I think that classic film fans are idealistic. We may differ in our lives in many ways, but we share that basic element of idealism that is likely the result of watching films from a more unabashedly idealistic -- and yet, no less troubled -- era of history. "Watching" perhaps isn't a strong enough word; we absorb these films through a wonderful intellectual and emotional osmosis. They give us ideas, stir up our feelings, add value to our lives in ways which I think we are actually acutely aware. They also give us inspiration and courage.
James Stewart in the above photo comes with hat in hand to Lionel Barrymore, the Scrooge-like villain of Bedford Falls. The great difference between Mr. Potter and Mr. Scrooge is that Scrooge will undergo redemption and become a decent human being again at the end of the story. Mr. Potter will not.
James Stewart as George Bailey is demoralized, defeated, crawling to him for money, for mercy. He is at the end of his rope. It is George, not Potter, who undergoes an epiphany with the help of supernatural aid. When his brother Harry announces at the end of the film, "A toast to my big brother George, the richest man in town!" -- we cry, the church bells in our heads ring, and it is a moment to rejoice. His family, his friends, his community have come to his rescue.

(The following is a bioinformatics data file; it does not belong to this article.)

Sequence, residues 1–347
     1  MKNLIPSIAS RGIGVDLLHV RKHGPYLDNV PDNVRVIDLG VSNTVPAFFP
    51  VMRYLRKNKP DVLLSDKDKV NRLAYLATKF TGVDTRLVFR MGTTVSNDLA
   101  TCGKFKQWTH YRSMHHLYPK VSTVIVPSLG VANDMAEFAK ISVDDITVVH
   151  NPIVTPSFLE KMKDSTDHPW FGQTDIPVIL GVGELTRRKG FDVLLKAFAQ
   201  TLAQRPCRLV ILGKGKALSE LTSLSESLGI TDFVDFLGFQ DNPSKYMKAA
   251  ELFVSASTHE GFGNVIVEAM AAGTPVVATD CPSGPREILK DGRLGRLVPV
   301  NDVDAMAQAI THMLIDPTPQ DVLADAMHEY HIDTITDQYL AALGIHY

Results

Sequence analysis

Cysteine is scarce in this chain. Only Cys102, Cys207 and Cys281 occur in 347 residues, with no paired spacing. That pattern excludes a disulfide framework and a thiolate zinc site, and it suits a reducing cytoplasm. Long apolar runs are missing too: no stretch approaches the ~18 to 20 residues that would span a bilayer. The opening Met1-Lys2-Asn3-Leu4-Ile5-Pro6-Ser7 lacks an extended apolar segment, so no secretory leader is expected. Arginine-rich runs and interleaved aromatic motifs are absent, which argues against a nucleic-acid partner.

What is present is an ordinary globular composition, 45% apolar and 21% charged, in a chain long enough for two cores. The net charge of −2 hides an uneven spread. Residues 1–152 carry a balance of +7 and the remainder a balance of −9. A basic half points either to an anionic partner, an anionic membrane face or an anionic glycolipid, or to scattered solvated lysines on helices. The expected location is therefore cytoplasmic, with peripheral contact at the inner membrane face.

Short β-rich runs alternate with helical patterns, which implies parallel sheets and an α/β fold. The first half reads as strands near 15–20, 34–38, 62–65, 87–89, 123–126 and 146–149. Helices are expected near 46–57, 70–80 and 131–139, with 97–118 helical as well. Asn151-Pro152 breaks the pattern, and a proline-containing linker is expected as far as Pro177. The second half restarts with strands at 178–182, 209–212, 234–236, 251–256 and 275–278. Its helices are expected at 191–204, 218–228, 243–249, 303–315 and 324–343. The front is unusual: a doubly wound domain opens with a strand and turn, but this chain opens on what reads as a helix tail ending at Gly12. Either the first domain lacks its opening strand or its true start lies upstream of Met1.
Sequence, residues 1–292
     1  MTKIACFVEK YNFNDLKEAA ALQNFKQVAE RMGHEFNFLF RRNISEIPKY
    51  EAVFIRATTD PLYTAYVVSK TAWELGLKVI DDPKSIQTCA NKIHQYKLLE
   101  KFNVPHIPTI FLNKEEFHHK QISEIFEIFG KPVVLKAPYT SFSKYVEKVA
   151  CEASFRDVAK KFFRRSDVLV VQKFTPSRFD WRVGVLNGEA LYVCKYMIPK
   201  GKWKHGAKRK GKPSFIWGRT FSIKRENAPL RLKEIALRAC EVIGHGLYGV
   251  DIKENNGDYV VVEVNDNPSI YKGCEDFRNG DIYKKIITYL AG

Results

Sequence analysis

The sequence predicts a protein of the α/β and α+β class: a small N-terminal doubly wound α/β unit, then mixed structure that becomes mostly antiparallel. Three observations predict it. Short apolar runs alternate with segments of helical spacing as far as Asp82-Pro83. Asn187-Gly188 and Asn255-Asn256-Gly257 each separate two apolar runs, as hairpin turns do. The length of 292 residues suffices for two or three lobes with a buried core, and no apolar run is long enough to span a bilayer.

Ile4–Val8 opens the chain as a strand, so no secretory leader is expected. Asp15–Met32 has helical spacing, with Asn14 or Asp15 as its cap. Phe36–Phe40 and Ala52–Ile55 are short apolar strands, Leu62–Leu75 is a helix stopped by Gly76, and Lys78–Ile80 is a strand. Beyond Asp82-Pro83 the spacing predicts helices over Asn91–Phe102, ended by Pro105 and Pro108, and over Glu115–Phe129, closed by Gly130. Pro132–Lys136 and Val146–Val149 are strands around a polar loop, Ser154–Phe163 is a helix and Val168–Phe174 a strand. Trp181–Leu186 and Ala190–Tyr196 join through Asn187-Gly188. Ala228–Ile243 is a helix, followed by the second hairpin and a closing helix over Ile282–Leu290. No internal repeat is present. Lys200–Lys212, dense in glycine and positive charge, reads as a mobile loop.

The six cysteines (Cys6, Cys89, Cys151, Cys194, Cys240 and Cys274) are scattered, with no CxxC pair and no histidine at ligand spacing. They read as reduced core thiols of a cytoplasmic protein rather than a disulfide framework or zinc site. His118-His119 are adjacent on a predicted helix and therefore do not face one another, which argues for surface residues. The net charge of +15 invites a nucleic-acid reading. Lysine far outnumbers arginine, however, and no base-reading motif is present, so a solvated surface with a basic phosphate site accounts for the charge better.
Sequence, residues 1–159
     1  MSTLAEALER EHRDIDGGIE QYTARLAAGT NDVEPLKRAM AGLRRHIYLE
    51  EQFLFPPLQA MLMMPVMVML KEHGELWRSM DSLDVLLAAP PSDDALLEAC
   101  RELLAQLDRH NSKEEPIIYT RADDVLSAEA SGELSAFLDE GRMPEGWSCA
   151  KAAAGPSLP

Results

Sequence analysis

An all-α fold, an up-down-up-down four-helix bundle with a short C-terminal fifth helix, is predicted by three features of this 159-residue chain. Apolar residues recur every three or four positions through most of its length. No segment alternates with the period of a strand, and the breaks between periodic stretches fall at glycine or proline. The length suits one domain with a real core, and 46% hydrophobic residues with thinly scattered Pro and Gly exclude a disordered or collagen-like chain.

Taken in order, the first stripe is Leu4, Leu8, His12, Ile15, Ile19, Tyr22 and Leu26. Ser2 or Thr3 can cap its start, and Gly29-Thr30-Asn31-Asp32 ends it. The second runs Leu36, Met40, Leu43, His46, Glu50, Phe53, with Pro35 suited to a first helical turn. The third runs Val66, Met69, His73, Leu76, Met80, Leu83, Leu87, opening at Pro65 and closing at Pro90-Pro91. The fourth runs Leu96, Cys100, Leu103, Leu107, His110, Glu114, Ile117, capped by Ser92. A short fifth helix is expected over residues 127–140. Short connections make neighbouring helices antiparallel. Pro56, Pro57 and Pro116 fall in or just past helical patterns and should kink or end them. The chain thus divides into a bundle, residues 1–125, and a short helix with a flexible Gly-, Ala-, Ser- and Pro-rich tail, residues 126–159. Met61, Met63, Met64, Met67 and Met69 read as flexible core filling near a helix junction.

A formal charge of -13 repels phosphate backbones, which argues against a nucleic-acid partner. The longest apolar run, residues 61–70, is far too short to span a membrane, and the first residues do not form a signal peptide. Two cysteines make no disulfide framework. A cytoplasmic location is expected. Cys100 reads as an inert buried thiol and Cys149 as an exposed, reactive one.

We are lucky to be classic film fans; those who are not may have more difficulty swallowing the idea that good can triumph over evil through something so simple as all of us helping each other. We will need that lesson, and that kind of inspiration and courage to get through the years to come. Fascism is evil, and it is with us in the White House, in the Senate, in the House of Representatives, and is bleeding downward to state and local offices. There may be a time when a black and white movie about a wealthy man who strips the poor of what they have, destroying any possibility of their climbing into the middle class will be banned. Consider how during the infamous House Un-Amercian Activities committee, which we covered in this previous post, a film like The Best Years of Our Lives (1946) could be criticized because it showed a character who was a wealthy banker merely for showing him in a less than flattering light; and for showing a character who embraced far right-wing politics being punched in the face.
We've had the draconian tax bill destroying our future. We've had the encouragement of the Ku Klux Klan and the neo-Nazis. We've had the protections stripped away, the rules broken, the nation sold out to the highest bidders, foreign and domestic. Now look for censorship, and erasing the Bill of Rights.
Let's remember our idealism in the face of this, and have courage, and help each other.
To all who visit this blog, may I wish a Merry Christmas for those who celebrate it, and a very Happy New Year to all. May we discover, as George Bailey did so hopefully expressed in Psalm 30:5: "Weeping may endure for a night, but joy cometh in the morning."
We'll see you next on Thursday, January 4, 2018, for another year of Another Old Movie Blog.